Interdependent Web: Tomorrow is not promised, let all the people know, shifting perspectives

Interdependent Web: Tomorrow is not promised, let all the people know, shifting perspectives

A weekly roundup of blogs and other user-generated web content about Unitarian Universalism.


Tomorrow is not promised

Munit Mesfin Abebe, a member of the UU Congregation of Fairfax, Virginia, has strongfamily ties in Ethiopia.

tomorrow is not promised: the first news i saw this morning was that an ethiopian airline plane had crashed killing everyone on board: 157 souls from 35 nations.

the first article said it had landed in bishoftu. that's where my father lives. so i called him in a panic to make sure they were safe. then, i called to find out where my cousin, who’s an ethiopian airlines crew member was. she was on another route...

then i cried from both the relief of their safety and the tragedy of how many people who were loved had been lost in this tragedy. (Facebook, 3.10.19)

Let all the people know

Mykal Slack writes that he, “as a trans spiritual leader in this faith, [needs] far more than public apologies.”

Tell all the people that far too many of us get mistreated in unconscionable ways in our congregations, whether we spend most of our time in pews or pulpits, and that Welcoming Congregations commitments are up on the walls in congregations all over the association that none of us would dare send other trans people to. What are the actual plans to change all of this — not just general statements and commitments, but actual strategies and goals? (Medium, 3.12.19)

Erica Baron notes that anger is a powerful teacher—our own anger, and that of others.

[Being] able to bear a conversation about how we have caused harm is the best way to learn how to do better. Most of us, most of the time, are not intending to cause harm. But that does not stop us from causing harm inadvertently or unconsciously. . . . We can’t really know the entirety of our impact on others unless we are willing to listen to the perspectives of others. This is especially true since we all steeped in systems of injustice and oppression. . . . [The] anger of those who experience things differently from us is one of the most powerful teachers in this work—if we are willing to listen and to change based on what we hear. (Nature’s Sacred Journey, March 8)

Shifting perspectives

David Breeden turns the common perspective on the Viking raid on Lindisfarne on its head.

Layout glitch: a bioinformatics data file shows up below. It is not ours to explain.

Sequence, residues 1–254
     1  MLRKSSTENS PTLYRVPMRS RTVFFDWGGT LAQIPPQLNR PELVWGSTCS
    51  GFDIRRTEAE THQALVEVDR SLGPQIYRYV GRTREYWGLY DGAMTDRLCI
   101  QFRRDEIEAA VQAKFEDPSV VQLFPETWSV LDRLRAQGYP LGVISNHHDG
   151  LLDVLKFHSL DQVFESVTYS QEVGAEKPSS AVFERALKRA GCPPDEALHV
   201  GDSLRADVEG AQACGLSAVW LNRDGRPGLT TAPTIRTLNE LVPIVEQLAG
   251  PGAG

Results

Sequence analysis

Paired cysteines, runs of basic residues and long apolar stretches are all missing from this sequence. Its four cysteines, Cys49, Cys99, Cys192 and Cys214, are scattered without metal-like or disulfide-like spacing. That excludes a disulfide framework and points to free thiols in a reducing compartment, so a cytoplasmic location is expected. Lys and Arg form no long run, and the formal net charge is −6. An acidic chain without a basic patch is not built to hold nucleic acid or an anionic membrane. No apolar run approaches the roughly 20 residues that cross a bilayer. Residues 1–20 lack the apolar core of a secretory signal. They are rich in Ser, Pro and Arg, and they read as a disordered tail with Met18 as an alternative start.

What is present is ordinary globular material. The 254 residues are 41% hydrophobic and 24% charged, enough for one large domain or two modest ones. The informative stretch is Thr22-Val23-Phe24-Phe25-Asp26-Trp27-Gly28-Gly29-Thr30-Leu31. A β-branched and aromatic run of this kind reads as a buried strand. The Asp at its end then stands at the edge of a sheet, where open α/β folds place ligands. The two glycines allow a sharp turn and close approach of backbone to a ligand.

When they got off their ships at Lindisfarne, those marauders saw the monks there as representatives of the oppressive power of Christianity, and they saw the symbols of the religion not as symbols of culture and peace but as the symbols of violence and oppression.

Were the Christian monks at Lindisfarne innocent worshipers of the Prince of Peace or agents of a violent imperial religion?

Every story has at least two points of view. (Medium, 3.14.19)

Peter Morales explores how very little we understand about the universe.

Matter, all of it, apparently accounts for only five percent of the universe. Not only do I not matter (neither do you), but matter doesn’t matter. What physicists call “dark matter” accounts for 27 percent of the universe. What accounts for the other 68 percent? Dark energy. I am not making this up. . . .

When I think of all the people in the world who are sure that we are the center of creation and that they have the answers I just shake my head. Ignorance produces arrogance.

Maybe a bit of humility is in order. Perhaps we should stick together. It’s dark out there. (What Is and So What, 3.11.19)

James Ford writes that “Religion is always messy.”

It is about the most fundamental of human concerns, and we bring our whole lives to it. Those of us who live at the meeting places of religions and cultures need to be particularly humble. If we hope to heal our own hearts, and perhaps even be of use to others, we need to walk both deliberately and carefully. We need to be aware of the lenses we bring to the matter.

And, most of all, to know the project itself is the awakening of the world. (Monkey Mind, 3.9.19)

Shelby Meyerhoff holds in tension her newfound acceptance of winter, and her innate longing for spring.

This spring, or the memory of it, is still in my body. In all human bodies. It will reemerge with the songs of birds. From deep inside it says: You are not winter forever, you are meant for spring too. Be in winter now, adapt, thrive even, but don’t forget this other part of you, the creature that came of age in spring. Stand a bit apart, make space for the change that is coming. (Facebook, 3.8.19)